December 14, 2019 PAN-AFRICAN MOVEMENT

PAN AFRICAN MOVEMENT REMARKS BY CHAIRMAN

Osagyefo Kwame Nkrumah, the founding President (and previously Prime Minister) of Ghana, famously announced to all his fellow Pan-Africanists: “Seek ye first the political kingdom and all things shall be added unto you.”

He believed that provided the nations of the continent could win political freedom through self-government from the European colonialists who controlled much of Africa in the period immediately after the Second World War, their people would be able to prosper in a manner which was not possible while they were weighed down with the yoke of colonialism.

Nkrumah was truly one of the founders of the Pan-African Movement. When Ghana gained its independence on 6th March 1957, most African nations were still colonies. Nkrumah’s response to this was to declare that “The independence of Ghana is meaningless unless it is linked-up with the total liberation of the African Continent”.

This was not just an idle statement made for effect. Nkrumah had a clearly articulated philosophy of why African nations had to first secure independence and then to unite, if they were to have any influence at all, on the global stage.

He was not alone in holding this view. Indeed this perspective was taken as the gospel truth right across Africa with Ahmed Ben Bella, the Algerian politician, socialist, soldier and revolutionary who was the first President of Algeria, taking it even further and declaring, “Let us all agree to die a little, or even completely so that African unity may not be a vain word.”

Much as Nkrumah emphasized seeking first the political kingdom, he fully appreciated that it was economic devlopment which represented the greatest challenge to African nations. His idea was that once independence was attained, thereafter it was economic cooperation – and not necessarily any political amalgamation – that would help bring cooperation to Africa.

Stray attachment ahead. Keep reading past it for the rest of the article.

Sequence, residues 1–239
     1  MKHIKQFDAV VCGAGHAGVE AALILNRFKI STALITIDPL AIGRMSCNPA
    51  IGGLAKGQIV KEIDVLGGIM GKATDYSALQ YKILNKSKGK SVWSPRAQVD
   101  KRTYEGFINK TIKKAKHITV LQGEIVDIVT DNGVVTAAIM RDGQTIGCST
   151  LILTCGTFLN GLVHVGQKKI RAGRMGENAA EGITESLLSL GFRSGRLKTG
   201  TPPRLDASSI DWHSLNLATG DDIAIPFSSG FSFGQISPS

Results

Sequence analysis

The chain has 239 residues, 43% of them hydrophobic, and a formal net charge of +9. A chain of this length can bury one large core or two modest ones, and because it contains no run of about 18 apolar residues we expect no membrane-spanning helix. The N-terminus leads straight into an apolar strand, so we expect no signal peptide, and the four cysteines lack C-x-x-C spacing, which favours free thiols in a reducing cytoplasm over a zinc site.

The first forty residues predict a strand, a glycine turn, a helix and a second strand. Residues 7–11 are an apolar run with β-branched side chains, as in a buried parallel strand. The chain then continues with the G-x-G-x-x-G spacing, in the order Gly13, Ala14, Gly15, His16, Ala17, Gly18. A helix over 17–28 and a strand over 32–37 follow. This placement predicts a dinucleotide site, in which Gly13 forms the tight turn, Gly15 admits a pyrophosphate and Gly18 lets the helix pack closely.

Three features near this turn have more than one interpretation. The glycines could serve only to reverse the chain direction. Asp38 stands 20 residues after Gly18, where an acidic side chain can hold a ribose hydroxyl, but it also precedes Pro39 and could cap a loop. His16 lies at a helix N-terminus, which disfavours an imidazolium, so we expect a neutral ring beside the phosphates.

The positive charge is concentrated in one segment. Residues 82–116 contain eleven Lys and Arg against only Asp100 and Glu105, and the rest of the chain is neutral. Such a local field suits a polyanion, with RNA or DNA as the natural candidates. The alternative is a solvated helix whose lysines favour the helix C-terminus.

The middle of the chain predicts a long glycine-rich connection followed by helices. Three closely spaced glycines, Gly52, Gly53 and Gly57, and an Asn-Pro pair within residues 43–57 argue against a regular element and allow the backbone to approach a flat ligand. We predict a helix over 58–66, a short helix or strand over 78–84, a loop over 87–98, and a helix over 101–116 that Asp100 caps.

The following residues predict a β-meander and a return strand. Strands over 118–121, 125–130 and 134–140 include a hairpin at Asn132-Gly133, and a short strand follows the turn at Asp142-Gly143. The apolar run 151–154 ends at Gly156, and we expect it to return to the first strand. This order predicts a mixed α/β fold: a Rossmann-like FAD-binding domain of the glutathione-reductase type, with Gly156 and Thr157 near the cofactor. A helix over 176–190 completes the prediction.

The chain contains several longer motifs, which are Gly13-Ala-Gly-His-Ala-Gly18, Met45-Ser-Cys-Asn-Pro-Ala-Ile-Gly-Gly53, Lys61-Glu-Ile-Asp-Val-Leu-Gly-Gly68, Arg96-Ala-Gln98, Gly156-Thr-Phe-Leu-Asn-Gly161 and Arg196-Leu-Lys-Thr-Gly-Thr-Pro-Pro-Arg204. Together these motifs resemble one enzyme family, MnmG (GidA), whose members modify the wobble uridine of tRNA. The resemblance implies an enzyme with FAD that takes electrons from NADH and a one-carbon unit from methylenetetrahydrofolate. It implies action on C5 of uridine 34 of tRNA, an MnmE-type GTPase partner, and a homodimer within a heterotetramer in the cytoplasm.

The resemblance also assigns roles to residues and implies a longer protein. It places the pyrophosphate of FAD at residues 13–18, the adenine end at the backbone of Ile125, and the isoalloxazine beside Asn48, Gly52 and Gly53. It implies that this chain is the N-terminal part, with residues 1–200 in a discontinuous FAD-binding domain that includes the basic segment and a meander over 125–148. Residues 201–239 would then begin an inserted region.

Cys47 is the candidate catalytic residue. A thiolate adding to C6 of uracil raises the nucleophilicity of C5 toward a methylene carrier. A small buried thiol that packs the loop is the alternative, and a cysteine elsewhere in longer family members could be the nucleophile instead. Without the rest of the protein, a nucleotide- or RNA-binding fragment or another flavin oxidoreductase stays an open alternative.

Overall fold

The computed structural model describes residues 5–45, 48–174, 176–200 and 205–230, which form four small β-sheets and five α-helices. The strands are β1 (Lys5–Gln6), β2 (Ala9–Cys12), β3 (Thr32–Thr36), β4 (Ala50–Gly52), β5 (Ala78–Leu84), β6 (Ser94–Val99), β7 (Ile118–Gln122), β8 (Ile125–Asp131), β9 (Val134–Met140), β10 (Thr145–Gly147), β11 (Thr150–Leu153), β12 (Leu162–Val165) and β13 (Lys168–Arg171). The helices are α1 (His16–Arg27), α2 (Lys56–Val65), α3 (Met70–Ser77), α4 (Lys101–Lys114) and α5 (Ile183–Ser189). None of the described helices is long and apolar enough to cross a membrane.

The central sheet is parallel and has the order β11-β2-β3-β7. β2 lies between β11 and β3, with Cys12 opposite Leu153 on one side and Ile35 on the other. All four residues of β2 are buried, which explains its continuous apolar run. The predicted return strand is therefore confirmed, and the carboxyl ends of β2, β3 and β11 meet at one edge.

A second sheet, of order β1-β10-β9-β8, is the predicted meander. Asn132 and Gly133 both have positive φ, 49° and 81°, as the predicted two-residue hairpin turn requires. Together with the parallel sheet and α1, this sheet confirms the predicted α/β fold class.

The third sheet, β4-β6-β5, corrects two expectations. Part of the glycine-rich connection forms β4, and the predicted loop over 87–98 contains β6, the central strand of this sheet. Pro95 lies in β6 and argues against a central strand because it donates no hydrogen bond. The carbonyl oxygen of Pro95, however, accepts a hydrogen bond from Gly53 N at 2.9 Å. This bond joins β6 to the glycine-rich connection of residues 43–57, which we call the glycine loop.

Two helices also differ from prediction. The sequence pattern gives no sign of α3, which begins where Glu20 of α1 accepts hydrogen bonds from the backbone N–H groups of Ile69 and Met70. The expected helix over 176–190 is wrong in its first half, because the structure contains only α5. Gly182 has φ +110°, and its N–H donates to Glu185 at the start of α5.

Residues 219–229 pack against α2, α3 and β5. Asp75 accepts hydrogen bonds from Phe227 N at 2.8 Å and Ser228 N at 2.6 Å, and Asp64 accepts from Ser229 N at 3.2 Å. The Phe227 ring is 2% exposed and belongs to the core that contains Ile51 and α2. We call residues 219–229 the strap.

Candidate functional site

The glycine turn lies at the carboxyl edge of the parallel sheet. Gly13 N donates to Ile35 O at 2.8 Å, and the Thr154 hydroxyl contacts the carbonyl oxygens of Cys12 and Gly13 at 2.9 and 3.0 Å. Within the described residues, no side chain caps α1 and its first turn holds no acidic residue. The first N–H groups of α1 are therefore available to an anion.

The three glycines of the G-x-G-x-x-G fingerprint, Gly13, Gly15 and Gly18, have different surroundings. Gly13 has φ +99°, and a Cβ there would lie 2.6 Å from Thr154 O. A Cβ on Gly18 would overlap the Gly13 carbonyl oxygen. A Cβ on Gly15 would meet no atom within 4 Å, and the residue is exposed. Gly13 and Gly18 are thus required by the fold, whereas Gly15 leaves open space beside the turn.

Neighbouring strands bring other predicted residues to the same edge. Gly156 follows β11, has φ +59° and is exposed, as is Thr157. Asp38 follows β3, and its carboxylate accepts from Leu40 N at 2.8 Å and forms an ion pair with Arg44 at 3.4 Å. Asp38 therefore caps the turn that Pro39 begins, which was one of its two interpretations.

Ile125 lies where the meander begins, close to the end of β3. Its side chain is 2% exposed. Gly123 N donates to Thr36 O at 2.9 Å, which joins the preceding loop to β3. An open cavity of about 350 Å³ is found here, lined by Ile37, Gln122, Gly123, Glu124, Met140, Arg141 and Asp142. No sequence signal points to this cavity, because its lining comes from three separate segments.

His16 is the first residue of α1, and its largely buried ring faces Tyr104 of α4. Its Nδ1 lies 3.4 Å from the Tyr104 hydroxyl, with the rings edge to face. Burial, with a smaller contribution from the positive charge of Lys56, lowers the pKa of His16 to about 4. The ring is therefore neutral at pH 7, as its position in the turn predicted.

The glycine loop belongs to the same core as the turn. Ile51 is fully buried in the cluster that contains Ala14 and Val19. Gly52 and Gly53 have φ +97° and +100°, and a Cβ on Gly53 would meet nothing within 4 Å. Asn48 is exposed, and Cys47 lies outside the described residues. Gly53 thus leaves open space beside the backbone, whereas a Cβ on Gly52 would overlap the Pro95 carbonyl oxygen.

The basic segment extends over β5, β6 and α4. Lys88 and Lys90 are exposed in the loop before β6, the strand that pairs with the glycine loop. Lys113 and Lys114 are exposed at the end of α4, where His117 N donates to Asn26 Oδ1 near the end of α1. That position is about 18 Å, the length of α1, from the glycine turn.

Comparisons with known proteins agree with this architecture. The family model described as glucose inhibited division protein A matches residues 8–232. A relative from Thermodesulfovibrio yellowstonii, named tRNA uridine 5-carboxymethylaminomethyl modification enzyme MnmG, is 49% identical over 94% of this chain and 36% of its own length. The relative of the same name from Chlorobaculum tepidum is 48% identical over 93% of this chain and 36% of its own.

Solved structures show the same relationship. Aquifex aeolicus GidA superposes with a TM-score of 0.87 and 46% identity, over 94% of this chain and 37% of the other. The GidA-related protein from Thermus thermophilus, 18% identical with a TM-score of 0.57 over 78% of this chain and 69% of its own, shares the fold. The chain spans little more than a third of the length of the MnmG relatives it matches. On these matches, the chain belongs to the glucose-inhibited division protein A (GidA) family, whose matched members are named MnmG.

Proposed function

This is how he explained it: “Africa is one continent, one people, and one nation. The notion that in order to have a nation it is necessary for there to be a common language, a common territory and common culture has failed to stand the test of time or the scrutiny of scientific definition of objective reality… The community of economic life is the major feature within a nation, and it is the economy which holds together the people living in a territory. It is on this basis that the new Africans recognise themselves as potentially one nation, whose dominion is the entire African continent.”

Kwame Nkrumah, over 50 years ago, was effectively calling for what we now see being made into reality: the African Continental Free Trade Area.

The free-trade area is now the largest in the world in terms of the sheer number of the participating countries since the formation of the World Trade Organization.

The African Continental Free Trade Agreement which created the free area was brokered by the African Union (AU) and was signed on by 44 of its 55 member states in Kigali, Rwanda on March 21, 2018.

Since then, much progress has been made.

As explained in the influential ‘Financial Times’ on the 29th of May 2019:

Africa will take a big step towards tackling entrenched economic problems including a dearth of intra-regional trade when a new continent-wide free trade agreement comes into force on May 30. Proponents of the African Continental Free Trade Agreement (AfCFTA) say it has the potential to boost economic growth on a continent of 55 nations under the African Union with a combined gross domestic product of more than $3tn and a young, expanding population.

AfCFTA is meant to eliminate 90 per cent of tariffs and create a single market with free movement of goods and services. Fifty-two countries have signed up AfCFTA’s backers say it will move Africa closer to Asean’s level so that trade can flourish across the continent.